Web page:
Former Clippers point guard Baron Davis, who Sterling famously heckled from his courtside seat for his poor play during Davis' two-plus seasons with the team, alluded to Sterling's history of racial issues by tweeting, "That's the way it is … He is honest about what he believes in. Been going on for a long time, Hats off 2 the Team … 4 playin above it all."

In 2009, Sterling agreed to pay $2.73 million to settle allegations by the government that he refused to rent apartments to Hispanics, blacks and families with children in the Koreatown area of Los Angeles.





Former Clippers General Manager Elgin Baylor filed a wrongful-termination lawsuit against Sterling that same year contending the owner embraced a "vision of a Southern plantation-type structure" for his organization, though his claim was eventually rejected by a jury.

Former Clippers guard Ron Harper said in a phone interview Sterling "took care of me when I played there. But if I had known then what I know now, there's no way I would have ever played for him. I know where he stands and it's not for African-American people. I've got no love for him at all."

Mayor Garcetti denounced the owner, saying Sterling's alleged remarks were "offensive and despicable and have no place in Los Angeles. I urge the NBA to act swiftly. L.A. fans demand and deserve better."

The Los Angeles chapter of the National Assn. for the Advancement of Colored People had been scheduled to give Sterling the group's lifetime achievement award at a May 15 banquet.

In the lawsuit filed in L.A. County Superior Court on March 7, Sterling's wife of more than 50 years paints Stiviano as an opportunist who seduces older wealthy men and persuades them to shower her with gifts. According to the suit, Sterling and Stiviano began an affair after meeting at the 2010 Super Bowl game and were still in a relationship as of the filing date.






Rochelle Sterling alleges her husband used community property to buy Stiviano a 2012 Ferrari, two Bentleys and a 2013 Range Rover, worth a total of more than $500,0000.

Sterling also gave Stiviano $1.8 million to buy a duplex on West 4th Street near the Beverly Center last December, according to the suit, which claims Sterling additionally provided her with $240,000 for upkeep and living expenses.

Arguing the gifts were all made without Rochelle Sterling's knowledge or consent, the complaint seeks their return along with compensatory damages.

Roeser, the Clippers' executive, said in his statement that Sterling "feels terrible that such sentiments are being attributed to him and apologizes to anyone who might have been hurt by them.

"He is also upset and apologizes for sentiments attributed to him about Earvin Johnson. He has long considered Magic a friend.."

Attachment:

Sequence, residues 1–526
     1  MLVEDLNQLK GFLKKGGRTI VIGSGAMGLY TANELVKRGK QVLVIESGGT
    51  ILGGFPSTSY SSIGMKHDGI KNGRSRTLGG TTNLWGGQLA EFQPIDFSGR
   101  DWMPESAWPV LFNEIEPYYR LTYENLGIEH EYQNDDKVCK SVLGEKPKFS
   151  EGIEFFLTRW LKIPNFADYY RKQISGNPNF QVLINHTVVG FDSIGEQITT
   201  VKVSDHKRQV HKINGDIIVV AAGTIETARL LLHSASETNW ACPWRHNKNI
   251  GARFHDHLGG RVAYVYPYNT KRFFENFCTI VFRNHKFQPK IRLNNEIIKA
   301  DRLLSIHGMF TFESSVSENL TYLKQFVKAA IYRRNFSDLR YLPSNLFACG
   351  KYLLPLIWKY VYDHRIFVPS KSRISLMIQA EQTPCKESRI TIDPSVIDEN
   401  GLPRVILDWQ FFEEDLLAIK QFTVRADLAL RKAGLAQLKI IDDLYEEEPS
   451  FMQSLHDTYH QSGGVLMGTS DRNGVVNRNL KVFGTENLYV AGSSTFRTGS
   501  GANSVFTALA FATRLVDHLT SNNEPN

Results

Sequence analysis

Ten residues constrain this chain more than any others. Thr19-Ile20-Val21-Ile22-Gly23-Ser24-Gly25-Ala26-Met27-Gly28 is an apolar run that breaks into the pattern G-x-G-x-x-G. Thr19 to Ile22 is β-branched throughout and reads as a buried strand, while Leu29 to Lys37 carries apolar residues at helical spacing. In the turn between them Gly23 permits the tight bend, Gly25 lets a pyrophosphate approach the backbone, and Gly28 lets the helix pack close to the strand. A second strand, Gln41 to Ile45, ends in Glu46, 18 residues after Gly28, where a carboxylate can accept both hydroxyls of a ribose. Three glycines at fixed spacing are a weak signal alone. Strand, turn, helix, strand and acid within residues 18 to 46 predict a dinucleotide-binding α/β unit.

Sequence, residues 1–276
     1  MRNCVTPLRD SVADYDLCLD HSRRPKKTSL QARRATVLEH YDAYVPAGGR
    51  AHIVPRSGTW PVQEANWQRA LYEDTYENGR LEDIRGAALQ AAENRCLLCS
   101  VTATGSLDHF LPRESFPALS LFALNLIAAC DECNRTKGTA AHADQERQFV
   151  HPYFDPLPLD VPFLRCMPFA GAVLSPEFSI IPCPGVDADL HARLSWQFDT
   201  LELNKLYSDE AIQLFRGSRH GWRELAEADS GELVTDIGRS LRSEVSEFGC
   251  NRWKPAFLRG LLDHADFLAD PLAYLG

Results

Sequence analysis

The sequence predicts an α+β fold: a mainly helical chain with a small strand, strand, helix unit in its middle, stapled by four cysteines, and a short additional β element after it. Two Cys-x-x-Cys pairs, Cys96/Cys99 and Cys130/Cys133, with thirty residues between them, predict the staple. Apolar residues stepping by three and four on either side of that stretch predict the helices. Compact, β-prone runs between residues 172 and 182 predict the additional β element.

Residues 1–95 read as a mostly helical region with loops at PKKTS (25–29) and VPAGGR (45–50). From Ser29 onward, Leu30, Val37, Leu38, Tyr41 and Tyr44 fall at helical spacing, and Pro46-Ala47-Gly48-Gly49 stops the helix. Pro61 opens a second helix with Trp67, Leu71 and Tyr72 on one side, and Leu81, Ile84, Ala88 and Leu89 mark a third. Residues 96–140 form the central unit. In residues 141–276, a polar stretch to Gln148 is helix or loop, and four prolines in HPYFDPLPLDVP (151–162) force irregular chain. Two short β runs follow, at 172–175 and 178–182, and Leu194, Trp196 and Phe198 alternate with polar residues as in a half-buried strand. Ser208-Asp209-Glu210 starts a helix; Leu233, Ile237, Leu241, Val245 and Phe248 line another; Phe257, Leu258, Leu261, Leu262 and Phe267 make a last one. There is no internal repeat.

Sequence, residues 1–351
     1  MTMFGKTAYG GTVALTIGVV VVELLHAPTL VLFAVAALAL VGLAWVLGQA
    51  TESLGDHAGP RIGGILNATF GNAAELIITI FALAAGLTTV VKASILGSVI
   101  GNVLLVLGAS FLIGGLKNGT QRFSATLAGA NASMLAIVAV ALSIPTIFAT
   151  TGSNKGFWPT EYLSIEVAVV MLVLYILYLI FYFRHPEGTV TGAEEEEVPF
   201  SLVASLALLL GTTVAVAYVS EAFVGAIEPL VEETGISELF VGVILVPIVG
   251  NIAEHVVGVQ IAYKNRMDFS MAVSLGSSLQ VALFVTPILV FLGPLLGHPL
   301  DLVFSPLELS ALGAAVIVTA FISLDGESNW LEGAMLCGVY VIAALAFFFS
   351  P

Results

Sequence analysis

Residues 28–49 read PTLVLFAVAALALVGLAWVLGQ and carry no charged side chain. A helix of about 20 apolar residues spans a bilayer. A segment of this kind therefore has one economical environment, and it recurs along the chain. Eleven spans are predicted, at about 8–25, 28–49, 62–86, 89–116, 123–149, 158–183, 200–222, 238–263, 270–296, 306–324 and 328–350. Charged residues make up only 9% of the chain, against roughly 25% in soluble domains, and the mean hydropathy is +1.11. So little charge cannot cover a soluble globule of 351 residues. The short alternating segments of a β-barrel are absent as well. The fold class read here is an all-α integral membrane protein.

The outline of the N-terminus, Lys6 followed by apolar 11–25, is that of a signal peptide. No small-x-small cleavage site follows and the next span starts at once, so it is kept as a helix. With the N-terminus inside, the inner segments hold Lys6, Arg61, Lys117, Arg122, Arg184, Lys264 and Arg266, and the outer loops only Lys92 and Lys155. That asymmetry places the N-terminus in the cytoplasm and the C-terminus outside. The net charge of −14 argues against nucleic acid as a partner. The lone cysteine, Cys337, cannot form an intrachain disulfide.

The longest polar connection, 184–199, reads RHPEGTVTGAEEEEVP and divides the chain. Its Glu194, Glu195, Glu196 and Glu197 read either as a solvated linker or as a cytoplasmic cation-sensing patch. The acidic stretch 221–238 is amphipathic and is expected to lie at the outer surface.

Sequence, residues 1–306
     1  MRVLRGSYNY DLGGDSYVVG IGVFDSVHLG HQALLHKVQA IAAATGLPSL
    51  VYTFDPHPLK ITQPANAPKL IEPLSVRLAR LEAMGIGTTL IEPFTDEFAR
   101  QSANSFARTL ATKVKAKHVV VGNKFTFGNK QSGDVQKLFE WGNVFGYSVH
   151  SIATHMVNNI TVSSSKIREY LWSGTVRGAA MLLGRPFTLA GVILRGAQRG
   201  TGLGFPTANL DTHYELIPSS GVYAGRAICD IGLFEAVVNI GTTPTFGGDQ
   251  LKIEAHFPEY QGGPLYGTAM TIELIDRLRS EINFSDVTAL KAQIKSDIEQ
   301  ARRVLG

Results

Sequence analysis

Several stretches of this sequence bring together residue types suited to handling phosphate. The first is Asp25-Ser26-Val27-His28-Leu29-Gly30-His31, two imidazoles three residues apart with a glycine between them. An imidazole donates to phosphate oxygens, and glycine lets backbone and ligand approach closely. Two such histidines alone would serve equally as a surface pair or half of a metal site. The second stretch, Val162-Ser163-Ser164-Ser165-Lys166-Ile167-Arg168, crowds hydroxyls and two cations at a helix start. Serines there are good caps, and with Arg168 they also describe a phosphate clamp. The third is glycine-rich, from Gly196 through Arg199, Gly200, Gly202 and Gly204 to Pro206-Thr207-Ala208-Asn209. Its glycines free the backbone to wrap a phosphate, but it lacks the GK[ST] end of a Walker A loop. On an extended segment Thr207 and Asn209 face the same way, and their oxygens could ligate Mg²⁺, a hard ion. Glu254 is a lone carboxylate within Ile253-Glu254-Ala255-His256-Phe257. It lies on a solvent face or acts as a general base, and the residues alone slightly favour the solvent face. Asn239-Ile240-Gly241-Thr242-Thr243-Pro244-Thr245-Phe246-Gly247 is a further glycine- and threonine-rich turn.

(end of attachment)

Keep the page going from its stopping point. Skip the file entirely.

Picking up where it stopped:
So, the organisation celebrates Black History Month with the visages of two white men on the advert.  OK.  /



Now, thanks to Tim Cavanaugh and NRO, along with others, here comes the pi├Ęce de r├ęsistance:




L.A. Clippers owner Donald Sterling, whom commentators have tried to tie to the Republican Party after his alleged racist statements, is in fact a Democrat, according to campaign contribution records.



Sterling is in hot water after TMZ released recordings purporting to be a weird psychosexual rant he directed at girlfriend V. Stiviano, accusing her of publicly associating with black people. The highly offensive comments have drawn condemnation from across the National Basketball Association as well as from many other sources; and inevitably, attempts have been made to link him to the Republican Party. These appear to be based on campaign contribution records for a different Sterling, who lives in the state of Texas. Clippers owner Donald Sterling lives in Beverly Hills, has a long history of bigoted behavior in his Los Angeles business dealings, and according to a 2011 RealGM report, was a very occasional Democratic donor in the 1990s:

Donald Sterling, Los Angeles Clippers

Records show Sterling has donated just $6,000, with no activity since the early 1990s. He supported Gray Davis (D) early in his career, as well as Bill Bradley (D).

Bradley was a Hall of Fame forward for the New York Knicks before becoming a U.S. senator from New Jersey and an unsuccessful presidential candidate. Davis made out with Cybill Shepherd in the 1960s before becoming California’s 37th governor and the first Golden State executive ever to be recalled.

At the American Power blog, Donald Douglas has an extended discussion of Sterling’s donations to liberal causes and the left-leaning commentators who have lauded him in the past. 

At the time TMZ released its recording, Sterling was scheduled to receive a lifetime achievement award from the NAACP. 


Embedded image permalink


This will be an interesting banquet pic.twitter.com/FZdcjI7mAJ 

— Shelby Grad (@shelbygrad) April 26, 2014



Presuming the recordings are authentic, Sterling’s fixations appear to be strangely selective. At one point he fumes about Stiviano’s associating with Magic Johnson, not on the grounds that Magic is a former Laker but because Sterling believes she is publicizing her friendship with the beloved Los Angeles icon:


“[A]dmire him — bring him here, feed him, f–k him, I don’t care. You can do anything. But don’t put him on an Instagram for the world to see so they have to call me. And don’t bring him to my games.”


In another section Sterling reiterates that he is untroubled by the prospect of Stiviano’s sleeping with black men — an ancient point of agitation for white racists — but doesn’t want her to post pictures of blacks on Instagram:


“You can sleep with [black people]. You can bring them in, you can do whatever you want.  The little I ask you is not to promote it on that … and not to bring them to my games.”


Sterling made his fortune as a divorce and personal injury lawyer and Southern California real estate developer. He is reported to be worth $1.9 billion.